Aqueon QuietFlow 10 Internal Shrimp Filter (review)


Well Known
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Dallas, Texas
3 years
Product/Service: Aqueon QuietFlow 10 Intenal Shrimp Filter.

Description: This filter is designed to attach to your tank using one of 2 methods: 4 suction cups (2 near the top, 2 near the bottom) that allow it to stick to the side of your tank, or with hooks that allow it to hang on the edge of your tank (2 hooks on top, 2 suction cups on bottom for additional support). The top and bottom both have 2 holes on opposite sides of the filter. The bottom 2 holes fit the suction cups, and the top 2 holes can fit the hooks, or the suction cups. The suction cups are easily removed, however, the hooks can easily snap if removed. The hooks are large enough to allow the filter to hang on to both a rimmed tank, or a rimless tank. This filter goes inside your tank and has a GPH of 60. The intake is on the bottom front inside the filter. Covering the opening is a grate that secures a course-pored sponge pad. This design is meant to prevent small fish and shrimplets from getting inside the filter. The outake is large and U-shaped, with a lip to support the outflow. The outake is protected by a large plastic plate with grates that prevents fish from swimming inside the filter. However, the grates are large enough for shrimplets to fit through and adult shrimp can climb up and over the grate if you keep too low.

Inside, the filter has a single slot. The slot fits 3 layers: a plastic grate, a bag made of filter floss, and a porous sponge media. The plastic grate is placed as the final layer, closest to the outake. The shape of the filter floss bag is supported by a plastic piece inside. There is carbon inside the bag, but the bag can not be opened. The sponge media has side clips that allow it to hang on to the slot, rather than being in it.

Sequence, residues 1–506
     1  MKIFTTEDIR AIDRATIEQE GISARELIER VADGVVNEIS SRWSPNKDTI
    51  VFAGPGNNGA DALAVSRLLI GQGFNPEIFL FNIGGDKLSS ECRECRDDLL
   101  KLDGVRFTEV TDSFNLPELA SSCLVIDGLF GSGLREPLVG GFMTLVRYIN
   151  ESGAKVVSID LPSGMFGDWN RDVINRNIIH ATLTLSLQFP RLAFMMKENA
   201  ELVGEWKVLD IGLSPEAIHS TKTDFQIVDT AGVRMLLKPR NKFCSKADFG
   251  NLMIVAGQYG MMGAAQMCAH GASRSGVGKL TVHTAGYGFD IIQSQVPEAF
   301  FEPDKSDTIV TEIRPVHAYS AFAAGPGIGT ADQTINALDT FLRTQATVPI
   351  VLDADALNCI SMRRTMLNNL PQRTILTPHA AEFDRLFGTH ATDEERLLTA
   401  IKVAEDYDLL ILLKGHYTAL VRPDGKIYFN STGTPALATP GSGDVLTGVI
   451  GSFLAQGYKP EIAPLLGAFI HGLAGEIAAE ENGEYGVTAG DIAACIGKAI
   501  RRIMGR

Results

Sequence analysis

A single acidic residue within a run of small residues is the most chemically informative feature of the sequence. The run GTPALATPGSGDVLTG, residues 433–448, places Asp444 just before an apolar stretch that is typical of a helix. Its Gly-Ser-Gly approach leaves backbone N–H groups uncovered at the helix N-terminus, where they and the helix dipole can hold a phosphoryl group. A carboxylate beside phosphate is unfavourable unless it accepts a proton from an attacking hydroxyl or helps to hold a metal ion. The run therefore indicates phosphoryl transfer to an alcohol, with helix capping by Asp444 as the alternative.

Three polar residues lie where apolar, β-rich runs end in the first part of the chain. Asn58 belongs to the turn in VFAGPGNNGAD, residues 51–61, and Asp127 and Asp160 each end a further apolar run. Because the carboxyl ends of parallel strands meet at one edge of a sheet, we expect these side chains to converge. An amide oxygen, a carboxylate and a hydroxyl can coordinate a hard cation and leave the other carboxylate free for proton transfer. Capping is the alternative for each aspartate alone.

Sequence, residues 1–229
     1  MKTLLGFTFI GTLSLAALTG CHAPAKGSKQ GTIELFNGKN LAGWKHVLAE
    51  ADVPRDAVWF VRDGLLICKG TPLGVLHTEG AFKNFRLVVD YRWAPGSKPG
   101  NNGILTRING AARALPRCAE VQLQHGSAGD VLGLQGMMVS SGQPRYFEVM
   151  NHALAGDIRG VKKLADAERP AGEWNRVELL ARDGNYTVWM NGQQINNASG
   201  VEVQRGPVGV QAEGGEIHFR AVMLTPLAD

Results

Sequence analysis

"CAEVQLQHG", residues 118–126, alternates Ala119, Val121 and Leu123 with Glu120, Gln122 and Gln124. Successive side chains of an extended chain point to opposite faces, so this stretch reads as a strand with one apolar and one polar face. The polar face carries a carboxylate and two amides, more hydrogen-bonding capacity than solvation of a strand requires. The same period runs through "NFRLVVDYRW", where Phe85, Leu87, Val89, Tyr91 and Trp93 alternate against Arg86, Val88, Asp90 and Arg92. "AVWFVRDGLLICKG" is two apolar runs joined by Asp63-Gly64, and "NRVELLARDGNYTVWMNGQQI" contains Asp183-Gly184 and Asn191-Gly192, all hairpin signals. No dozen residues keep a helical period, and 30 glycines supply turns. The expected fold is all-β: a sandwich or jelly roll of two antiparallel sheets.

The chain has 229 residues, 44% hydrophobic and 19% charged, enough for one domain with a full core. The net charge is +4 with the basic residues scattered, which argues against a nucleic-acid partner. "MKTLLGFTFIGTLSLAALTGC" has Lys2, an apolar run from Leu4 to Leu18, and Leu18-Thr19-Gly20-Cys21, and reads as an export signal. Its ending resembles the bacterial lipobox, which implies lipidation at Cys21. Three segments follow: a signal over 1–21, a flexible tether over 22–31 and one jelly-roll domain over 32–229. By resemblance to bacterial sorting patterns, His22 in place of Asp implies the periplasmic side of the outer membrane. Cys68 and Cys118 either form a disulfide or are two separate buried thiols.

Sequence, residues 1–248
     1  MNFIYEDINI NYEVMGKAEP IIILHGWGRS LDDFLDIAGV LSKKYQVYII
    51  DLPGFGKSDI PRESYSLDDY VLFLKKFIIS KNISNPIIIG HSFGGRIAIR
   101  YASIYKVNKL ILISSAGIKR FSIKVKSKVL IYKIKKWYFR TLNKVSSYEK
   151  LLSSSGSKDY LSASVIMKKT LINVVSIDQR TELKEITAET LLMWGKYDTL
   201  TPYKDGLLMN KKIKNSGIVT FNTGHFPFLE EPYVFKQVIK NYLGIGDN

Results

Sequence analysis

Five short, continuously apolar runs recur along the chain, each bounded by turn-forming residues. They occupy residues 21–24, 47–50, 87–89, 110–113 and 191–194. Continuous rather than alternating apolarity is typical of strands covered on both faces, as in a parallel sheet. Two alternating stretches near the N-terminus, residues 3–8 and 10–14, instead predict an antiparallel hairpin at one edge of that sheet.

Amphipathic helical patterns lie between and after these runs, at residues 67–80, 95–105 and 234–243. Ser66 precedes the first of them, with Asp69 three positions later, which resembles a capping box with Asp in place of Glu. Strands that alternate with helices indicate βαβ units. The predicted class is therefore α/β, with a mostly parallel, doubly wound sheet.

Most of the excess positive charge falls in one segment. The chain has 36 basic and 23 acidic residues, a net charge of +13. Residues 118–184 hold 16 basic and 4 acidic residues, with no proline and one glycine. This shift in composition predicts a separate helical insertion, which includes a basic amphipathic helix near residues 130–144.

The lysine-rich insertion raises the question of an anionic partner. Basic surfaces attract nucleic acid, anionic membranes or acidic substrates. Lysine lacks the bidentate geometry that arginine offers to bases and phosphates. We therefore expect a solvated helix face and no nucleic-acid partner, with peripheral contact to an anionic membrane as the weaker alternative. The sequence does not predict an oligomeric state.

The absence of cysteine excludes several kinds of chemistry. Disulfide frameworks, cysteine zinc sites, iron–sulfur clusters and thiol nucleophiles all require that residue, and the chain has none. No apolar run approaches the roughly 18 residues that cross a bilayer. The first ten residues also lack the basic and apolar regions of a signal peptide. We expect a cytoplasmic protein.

I used this filter in a 5.5 gallon tank that housed cherry shrimp. It worked alongside a sponge filter. The filter worked well and it was easy to remove debris from the sponge grate by simply removing the sponge and squeezing in water. However, the filter was not entirely shrimp proof. Despite my outake being above the waterline, I frequently found shrimplets inside the filter. This was due to the sponge protecting the intake being too porous.

I then moved the filter into a 36 gallon community tank to run alongside another filter. Thanks to the plastic grated plate that protects the outake, I am able to keep the outake partially submerged. This allows it to fit discretely below my lid. I have seen fish sit on the lip of the filter. They are unable to get inside the filter and are lightly pushed by the water exiting the filter.

The body of the filter is in 2 layers. The inner layer supports the media and the outer layer supports the entire filter and contains the intake, which sits below the inner layer. To clean debris covering the intake, one must slide out the inner layer by pushing on a rectangular opening between the 2 layers.

As for noise, I have owned 2 of these: one was very loud. It sounded like a fan with something stuck inside of it. I tried fixing the motor multiple times, but could not find anything wrong or stuck in the filter, nor was it improperly placed. I exchanged the loud one for another of the same filter. This one was completely quiet, so much so that I don’t even know it’s on. It doesn’t even give off a light hum or anything.
Pros: Quiet, intake prevents fry from being caught in the filter, works well.

Cons: Shrimplets can get inside the filter, media bag does not open, intake slightly difficult to clean.

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